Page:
Monthly Archives: November 2011

Monitoring Social Media to Detect Possible Hazards

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Note that an improved version of this article has been published in Natural Hazards Observer, Volume XXXVI, Number 4, pp. 7-9, March 2012.
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Vasileios Lampos and Nello Cristianini
Intelligent Systems Laboratory
University of Bristol

Abstract. Real time monitoring of environmental and social conditions is an important part of developing early warning of natural hazards such as epidemics and floods. Rather than relying on dedicated infrastructure, such as sensor networks, it is possible to gather valuable information by monitoring public communications from people on the ground. A rich source of raw data is provided by social media, such as Blogs, Twitter or Facebook. In this study we describe two experiments based on the use of Twitter content in the UK, showing that it is possible to detect a flu epidemic, and to assess the levels of rainfall, by analysing text data. These measurements can in turn be used as inputs of more complex systems, for example for the prediction of floods, or disease propagation.


The fast expansion of the social web that is currently under way means that large numbers of people can publish their thoughts at no cost. Current estimates put the number of Facebook users at 800 million and of Twitter active users at 100 million [1, 2]. The result is a massive stream of digital text that has attracted the attention of marketers [3], politicians [4] and social scientists [5]. By analysing the stream of communications in an unmediated way, without relying on questionnaires or interviews, many scientists are having direct access to people’s opinions and observations for the first time. Perhaps equally important they have access – although indirectly – to situations on the ground that affect the web users, such as for example extreme weather conditions, as long as these are mentioned in the messages being published.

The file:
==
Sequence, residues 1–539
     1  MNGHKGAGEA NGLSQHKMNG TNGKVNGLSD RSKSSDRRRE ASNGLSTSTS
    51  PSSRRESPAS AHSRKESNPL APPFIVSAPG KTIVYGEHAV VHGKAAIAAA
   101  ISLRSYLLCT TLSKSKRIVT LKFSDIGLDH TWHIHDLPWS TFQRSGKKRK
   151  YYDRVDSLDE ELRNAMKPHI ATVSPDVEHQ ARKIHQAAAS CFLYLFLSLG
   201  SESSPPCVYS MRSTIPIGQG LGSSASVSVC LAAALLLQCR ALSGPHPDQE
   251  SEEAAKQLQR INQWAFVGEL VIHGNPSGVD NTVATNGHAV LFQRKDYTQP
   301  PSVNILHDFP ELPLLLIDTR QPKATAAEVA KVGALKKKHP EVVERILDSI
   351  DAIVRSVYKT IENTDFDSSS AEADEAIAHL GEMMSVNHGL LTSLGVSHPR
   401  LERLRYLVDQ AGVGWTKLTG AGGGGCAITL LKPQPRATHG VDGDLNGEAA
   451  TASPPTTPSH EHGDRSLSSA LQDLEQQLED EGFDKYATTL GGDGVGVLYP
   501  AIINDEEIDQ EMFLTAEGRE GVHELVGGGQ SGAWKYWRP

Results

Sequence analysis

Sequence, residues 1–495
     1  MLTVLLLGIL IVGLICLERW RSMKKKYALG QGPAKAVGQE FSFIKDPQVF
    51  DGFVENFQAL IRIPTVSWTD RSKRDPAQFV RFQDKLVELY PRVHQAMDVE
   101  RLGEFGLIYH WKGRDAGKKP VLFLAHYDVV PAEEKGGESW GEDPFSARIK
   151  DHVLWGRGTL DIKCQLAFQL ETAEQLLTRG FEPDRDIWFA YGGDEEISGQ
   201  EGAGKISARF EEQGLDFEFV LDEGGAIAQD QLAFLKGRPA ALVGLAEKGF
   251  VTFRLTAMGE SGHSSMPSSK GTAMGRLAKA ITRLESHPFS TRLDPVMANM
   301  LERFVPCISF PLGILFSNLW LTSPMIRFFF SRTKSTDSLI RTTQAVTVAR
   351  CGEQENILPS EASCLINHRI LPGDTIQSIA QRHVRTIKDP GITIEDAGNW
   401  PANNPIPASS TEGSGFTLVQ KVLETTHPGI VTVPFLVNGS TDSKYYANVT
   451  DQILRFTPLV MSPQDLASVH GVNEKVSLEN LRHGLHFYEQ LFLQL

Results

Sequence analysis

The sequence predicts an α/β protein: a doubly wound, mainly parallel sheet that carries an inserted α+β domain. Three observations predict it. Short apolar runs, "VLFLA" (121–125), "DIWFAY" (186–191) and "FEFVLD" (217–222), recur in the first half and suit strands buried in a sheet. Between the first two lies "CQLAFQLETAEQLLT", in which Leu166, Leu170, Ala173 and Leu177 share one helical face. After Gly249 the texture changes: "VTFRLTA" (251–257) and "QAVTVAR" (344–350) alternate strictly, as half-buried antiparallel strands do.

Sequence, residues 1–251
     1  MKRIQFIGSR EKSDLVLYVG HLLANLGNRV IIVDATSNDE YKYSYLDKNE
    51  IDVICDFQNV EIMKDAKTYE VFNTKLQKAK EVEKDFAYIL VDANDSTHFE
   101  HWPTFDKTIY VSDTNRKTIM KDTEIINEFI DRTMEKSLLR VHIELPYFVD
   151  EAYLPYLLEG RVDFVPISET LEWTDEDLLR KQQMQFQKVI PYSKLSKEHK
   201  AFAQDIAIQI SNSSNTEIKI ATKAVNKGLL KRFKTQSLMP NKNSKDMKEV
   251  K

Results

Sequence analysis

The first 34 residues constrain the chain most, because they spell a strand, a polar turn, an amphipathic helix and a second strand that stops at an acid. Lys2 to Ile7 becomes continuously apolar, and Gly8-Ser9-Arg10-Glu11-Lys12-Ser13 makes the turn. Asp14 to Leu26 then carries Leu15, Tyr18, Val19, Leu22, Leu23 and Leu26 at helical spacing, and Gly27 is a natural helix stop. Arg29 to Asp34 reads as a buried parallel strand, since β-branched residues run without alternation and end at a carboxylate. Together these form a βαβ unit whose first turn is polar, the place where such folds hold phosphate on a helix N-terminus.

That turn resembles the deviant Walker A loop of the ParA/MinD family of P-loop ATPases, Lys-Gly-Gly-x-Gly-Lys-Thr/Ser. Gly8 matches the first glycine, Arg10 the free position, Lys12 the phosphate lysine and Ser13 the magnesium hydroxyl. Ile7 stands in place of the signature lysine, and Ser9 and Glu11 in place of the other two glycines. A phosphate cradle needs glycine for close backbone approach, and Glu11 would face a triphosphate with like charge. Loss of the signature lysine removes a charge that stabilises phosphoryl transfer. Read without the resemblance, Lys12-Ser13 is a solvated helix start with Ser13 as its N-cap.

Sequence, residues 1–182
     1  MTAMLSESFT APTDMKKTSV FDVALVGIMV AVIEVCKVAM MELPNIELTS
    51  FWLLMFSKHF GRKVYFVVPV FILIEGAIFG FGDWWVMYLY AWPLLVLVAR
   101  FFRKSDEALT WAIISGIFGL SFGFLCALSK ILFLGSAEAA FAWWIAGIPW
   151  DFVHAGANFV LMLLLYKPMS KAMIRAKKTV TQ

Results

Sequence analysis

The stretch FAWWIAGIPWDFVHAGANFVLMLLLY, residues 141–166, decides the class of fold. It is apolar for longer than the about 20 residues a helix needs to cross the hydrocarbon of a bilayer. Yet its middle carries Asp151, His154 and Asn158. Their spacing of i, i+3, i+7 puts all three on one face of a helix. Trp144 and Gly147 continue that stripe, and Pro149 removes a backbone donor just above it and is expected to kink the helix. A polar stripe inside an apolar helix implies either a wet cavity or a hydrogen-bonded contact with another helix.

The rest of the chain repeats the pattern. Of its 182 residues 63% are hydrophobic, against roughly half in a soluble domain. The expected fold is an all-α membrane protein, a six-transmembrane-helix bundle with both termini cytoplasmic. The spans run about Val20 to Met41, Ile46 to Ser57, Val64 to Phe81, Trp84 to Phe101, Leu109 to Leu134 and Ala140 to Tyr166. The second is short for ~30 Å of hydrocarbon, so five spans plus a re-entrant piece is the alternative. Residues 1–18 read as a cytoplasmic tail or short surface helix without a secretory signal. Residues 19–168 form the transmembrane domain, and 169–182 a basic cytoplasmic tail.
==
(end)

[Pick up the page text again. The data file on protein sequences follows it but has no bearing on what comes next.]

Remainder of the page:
The analysis of social media content is a statistical game, as there is no guarantee that a specific user will describe the weather state in her current location when we need it. But by gathering a large amount of messages from a given location, and by monitoring the right keywords and expressions, it is possible to obtain indirect statistical evidence in favour of a given weather state. In this article we describe two experiments that we have conducted by using Twitter content in the United Kingdom, showing that it can be used to infer the levels of rainfall or of influenza-like-illness (ILI) in a given location, with significant accuracy. The enabling technology behind this study is Statistical Learning Theory, a branch of Artificial Intelligence concerned with the automatic detection of statistical patterns in data.

The use of Twitter data is particularly convenient because its users can only exchange very short messages that are often geo-located, and because this data is freely available via an API [6]. Furthermore the use of this data does not raise the serious privacy concerns that would be raised by the analysis – say – of email or SMS messages, as this is all data that the users have willingly made public.

We believe that the kind of signal that we can extract from that textual stream can be of interest in its own right, and be a valuable input to more complex modelling software, aimed at the prediction of epidemics or floods, as well as other hazards.